Duration Of The 90-Day Notice And Why It Matters


15 April, 2014


Mortgage Lender and Servicer Alerts

That holders of defaulted mortgages are beset with problems and a surfeit of statutory roadblocks to prosecuting foreclosure actions is hardly a cause for widespread sympathy.  Nor is there any outcry to rescue lenders facing foreclosure durations of three and four years, with the resultant accrual of interest, costs and protective advances for insurance and taxes, then rendering losses as certain.  Nonetheless, it may be reasonable to urge that there should still not be confusion or uncertainty interpreting foreclosure statutes in such a way as to impose yet further detainment.

A particular case in point is RPAPL §1304, which requires that where the subject is a home loan, a certain ninety day notice must be sent to the borrower before a foreclosure action can begin.  This notice mandate has been widely discussed and reviewed in our alerts in recent years.

But there is an aspect of the ninety day imperative which does merit remedial analysis, RPAPL §1304(4), which provides that:

“The notice and the ninety day period required by subdivision one of this section need only be provided once in a twelve month period to the same borrower in connection with the same loan.”

What this means was immediately manifest to experienced practitioners and represented a welcome avoidance by the legislature of abusive borrower shell games.  When the ninety day notice is sent, should the borrower cure the default, as in remitting the sums in arrears for example, then of course the mortgage is reinstated.

If, however, a month thereafter the borrower defaults again, the mortgage holder need not send a new ninety day notice as a prerequisite to foreclosure.  This then averts the bizarre exercise of a default followed by a ninety day hiatus, followed by cure, then another notice with concomitant three month delay, all repeated ad nauseam.  Such a scenario would effectively change the payment requirements of the mortgage loan and permit wily borrowers to constantly, indeed interminably, postpone payment obligations.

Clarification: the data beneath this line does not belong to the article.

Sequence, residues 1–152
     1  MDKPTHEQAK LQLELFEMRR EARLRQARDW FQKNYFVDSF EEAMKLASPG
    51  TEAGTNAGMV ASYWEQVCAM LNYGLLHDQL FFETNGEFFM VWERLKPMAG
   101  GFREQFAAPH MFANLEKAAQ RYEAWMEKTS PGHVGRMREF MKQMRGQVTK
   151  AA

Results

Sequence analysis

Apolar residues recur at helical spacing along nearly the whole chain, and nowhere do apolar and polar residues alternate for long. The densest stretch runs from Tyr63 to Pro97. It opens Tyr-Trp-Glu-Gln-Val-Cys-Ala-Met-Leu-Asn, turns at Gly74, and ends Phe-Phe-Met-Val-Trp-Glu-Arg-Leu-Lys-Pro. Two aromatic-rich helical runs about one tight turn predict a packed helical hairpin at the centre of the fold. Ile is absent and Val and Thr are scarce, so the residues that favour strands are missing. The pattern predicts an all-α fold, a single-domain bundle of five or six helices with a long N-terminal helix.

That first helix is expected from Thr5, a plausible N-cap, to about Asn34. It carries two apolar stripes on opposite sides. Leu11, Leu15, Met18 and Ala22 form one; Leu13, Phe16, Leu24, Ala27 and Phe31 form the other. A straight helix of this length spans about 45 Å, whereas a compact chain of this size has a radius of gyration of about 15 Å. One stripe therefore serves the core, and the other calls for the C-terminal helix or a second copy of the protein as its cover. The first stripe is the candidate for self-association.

So, any subsequent default within a year does not elicit a notice obligation.  If, however, the borrower has cured and more than a year has passed, then it is simply a new situation and a notice would be required.

This is quite different, though, from saying that if a year has gone by and the borrower has ignored the notice, the mortgage holder is obliged to send the notice yet again in order to initiate a foreclosure.  The statute does not say that, although it readily could have done so.  In other words, a ninety day notice never cured does not lose its efficacy merely with the passage of time.

Nevertheless, there is some prevailing view in the wind that if a foreclosure is not begun within a year of the notice, initiating the action is barred unless a new ninety day notice is sent and has expired.  Indeed, the Department of Financial Services takes this position, in a desultory fashion.  The issue of this interpretation, however, has never been adjuducated by the courts.

While it might be surmised that mortgage holders would surely institute their home loan foreclosures the moment the ninety days expired, there are any number of circumstances which can impede such exactitude, a few among them: (a) difficulties in obtaining information to support the now cancelled attorney affirmation required by Administrative Order 548/10, as amended by AO 431/11 or by the new certificate of merit obligation of CPLR §3012-b; (b) governmental imposition of rules or suits as to the foreclosure process; (c) compelling pressures to settle or compromise mortgage defaults.

Faced with such demands and impositions, some foreclosure actions may just not be ready for more than a year after the notice has expired.  Must the now poised mortgage holder first send a new notice and wait yet another ninety days, or is it free to proceed?  We posit here that the second path is correct, because:

  • The legislature could readily have stated that the notice expired after one year, but did not do so.
  • The statute is not ambiguous and statutory construction dictates that it must be interpreted as written.
  • This is required as well because the statute is in derogation of the common law.
  • The Department of Financial Services posture does not have the force of law.
  • The statute’s bill jacket offers no interpretation that a ninety day notice expires after one year.

An examination of the law as to why the statute needs to be interpreted as suggested in this alert appears at some length in the article penned by this writer and Peter Sullivan, a lead partner in Berkman, Henoch’s litigation department, in the February 19, 2014 issue of The New York Law Journal at page 5.  If that level of detail will be helpful, reference there is invited.

Mr. Bergman, author of the four-volume treatise, Bergman on New York Mortgage Foreclosures, LexisNexis Matthew Bender (rev. 2017), is a partner with Berkman, Henoch, Peterson, Peddy & Fenchel, P.C. in Garden City, New York. He is also a member of the USFN, The American College of Real Estate Lawyers, The American College of Mortgage Attorneys, an adviser to the New York Times on foreclosure issues and writes a regular servicing column for the New York Law Journal. He is AV rated by Martindale-Hubbell, his biography appears in Who’s Who In American Law and he has been for years listed in Best Lawyers In America and New York Super Lawyers.